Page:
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Wednesday 18th Oct 2017

If you’ve never drafted in the Windy City, you are missing out. There’s nothing quite like a live draft and the camaraderie. I remember talking strategy to Chicago veteran David Van Der Stuyf after the Main Event on Saturday, contrasting heavy hitting vs. heavy pitching approaches. It truly is a pick your poison proposition. Sure, there’s plenty of pitching to be found on the wire...eventually. The challenge is finding and acquiring those pitchers before your ratios are destroyed. It doesn’t take long. Let’s look at some pitchers that have sabotaged those ratios in the early going and try to figure out if they can turn it around. We'll also check in on some other prospects to track in the coming days as we try to separate the wheat from the chaff.

It’s easy to look at Bud Norris track record and dismiss last year as an outlier. ERA today is not what it was two or even three years ago. The strike zone is expanding; consequently ERA’s and WHIP’s are falling. Even if pitchers were static entities that never changed (they aren’t), we still shouldn’t expect them to regress to a baseline formed around a different set of rules. In this case, a different strike zone and a brave new world of defensive shifts. Time will tell but Norris can be another boring, serviceable piece once he gets the kinks worked out. I love boring and productive assets. Note that he was especially useful at home last year (2.44 ERA, 1.16 WHIP). The velocity is fine and with better command, better days lie ahead.

NFBC owners have grown tired of the lumps they’ve received from Kyle Lohse and Matt Garza. Lohse has posted a WHIP of 1.17 or lower four consecutive seasons. Which should you give more weight to? Four years of steady production or one bad month to start the season? Garza is the other Brewer cast upon the wire. Don’t be that guy, and grab him if someone else makes that mistake.

Jered Weaver’s velocity has crept slightly back up to 84, but it's still down about two ticks from 2014. That should terrify his fantasy owners. Last time I checked, my fastball sat at 75 mph. Jeff’s younger brother is simply unplayable right now until/if that velocity comes back. If you are burning a roster spot here, you’re betting that it does. You can only finesse so much.

Who might be able to fill in until these guys turn it around? In the coming days, there are a few prospects I’ll be watching to see if I should make a bid:

Michael Lorenzen was not so impressive in his first start. In the first couple of innings, he didn’t mix speeds well. When you fail to do that, it’s easy for opposing hitters to time things up, and that’s exactly what an ice-cold Milwaukee Brewers lineup did. Everything was crushed, both hits and outs, and he served up three homers in just five innings pitched. He started working in his changeup later on and had some success (five strikeouts), but most every contact seemed to be scorched. He yielded just three earned runs but it should have been much worse. I didn’t see his second start that yielded only one run. He travels to the south side to face the White Sox on Sunday.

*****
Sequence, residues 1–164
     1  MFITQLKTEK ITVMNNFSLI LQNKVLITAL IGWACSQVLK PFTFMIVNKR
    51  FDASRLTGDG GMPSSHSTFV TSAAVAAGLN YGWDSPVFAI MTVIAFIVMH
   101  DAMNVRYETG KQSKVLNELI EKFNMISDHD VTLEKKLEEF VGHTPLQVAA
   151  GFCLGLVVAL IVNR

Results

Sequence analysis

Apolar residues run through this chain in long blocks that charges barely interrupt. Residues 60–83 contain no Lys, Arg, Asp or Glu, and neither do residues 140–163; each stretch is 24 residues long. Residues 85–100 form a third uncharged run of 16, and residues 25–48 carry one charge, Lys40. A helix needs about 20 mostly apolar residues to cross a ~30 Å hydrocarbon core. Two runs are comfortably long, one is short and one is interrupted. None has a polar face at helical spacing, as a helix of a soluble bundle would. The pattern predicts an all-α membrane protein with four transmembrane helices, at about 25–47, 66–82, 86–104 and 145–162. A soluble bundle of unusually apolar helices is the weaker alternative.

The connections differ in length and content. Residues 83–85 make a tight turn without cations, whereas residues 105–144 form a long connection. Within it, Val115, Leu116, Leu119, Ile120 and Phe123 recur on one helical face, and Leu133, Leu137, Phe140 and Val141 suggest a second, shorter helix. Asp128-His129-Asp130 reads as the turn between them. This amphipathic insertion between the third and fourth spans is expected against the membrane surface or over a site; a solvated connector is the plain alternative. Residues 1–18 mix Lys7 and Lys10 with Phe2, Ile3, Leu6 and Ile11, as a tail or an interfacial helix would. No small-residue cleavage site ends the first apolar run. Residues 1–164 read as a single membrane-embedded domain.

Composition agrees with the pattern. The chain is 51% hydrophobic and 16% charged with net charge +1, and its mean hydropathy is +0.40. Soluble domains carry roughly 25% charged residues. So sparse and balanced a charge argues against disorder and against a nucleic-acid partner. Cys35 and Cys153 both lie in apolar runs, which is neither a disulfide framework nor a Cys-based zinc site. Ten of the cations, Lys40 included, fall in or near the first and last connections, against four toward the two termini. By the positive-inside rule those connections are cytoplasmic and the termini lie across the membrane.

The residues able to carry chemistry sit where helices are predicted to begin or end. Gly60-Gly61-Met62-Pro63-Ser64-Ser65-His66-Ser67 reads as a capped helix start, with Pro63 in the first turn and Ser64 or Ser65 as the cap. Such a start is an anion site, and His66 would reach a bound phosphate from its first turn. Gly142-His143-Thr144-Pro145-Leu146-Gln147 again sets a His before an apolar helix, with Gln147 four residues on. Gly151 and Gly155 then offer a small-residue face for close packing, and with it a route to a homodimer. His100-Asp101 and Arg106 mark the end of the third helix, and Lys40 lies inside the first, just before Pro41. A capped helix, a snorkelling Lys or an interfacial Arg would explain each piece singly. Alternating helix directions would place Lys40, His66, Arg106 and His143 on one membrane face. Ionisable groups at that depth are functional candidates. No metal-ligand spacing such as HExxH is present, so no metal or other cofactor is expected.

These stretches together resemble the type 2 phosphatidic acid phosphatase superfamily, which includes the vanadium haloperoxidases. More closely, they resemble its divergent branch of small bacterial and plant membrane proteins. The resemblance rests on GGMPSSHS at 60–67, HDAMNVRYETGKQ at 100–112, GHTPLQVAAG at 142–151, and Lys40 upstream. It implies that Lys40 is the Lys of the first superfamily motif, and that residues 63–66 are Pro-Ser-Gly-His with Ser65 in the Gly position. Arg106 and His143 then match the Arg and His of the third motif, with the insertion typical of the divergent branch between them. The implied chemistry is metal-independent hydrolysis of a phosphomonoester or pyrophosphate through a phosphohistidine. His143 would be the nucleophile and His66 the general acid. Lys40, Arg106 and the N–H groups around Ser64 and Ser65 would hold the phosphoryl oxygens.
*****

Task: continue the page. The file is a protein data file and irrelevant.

The Houston Astros may be the latest "smartest team in baseball" and are doing their best to transform Roberto Hernandez back into the old Fausto Carmona. He may be useful as a #9 starter that steals a few wins while you wait for other pitchers with more upside. Token bids only here.

Injuries in the Dodgers stable have opened the door of opportunity for a number of younger arms. Joe Wieland got roughed up right out of the gates in his first career start. Mike Bolsinger is probably next in line if Wieland continues to struggle. Carlos Frias tops out just under 100 mph but remains a risk due to lack of off-speed offerings. It doesn’t seem that he varies speeds frequently enough to disrupt a hitter's timing. The differential between his fast and "slow" pitches is minimal. Perhaps good location and deception will be enough. Good win potential here.

One of my partners, Dale Morgan, picked up Chase Whitley in two of our auction leagues. His dominating line at the Rogers Centre certainly got my attention. While I remain unconvinced that he can keep this up, I will watch his next start with great interest to see if he’ll pull a Shane Greene. He’s still available in some NFBC leagues.

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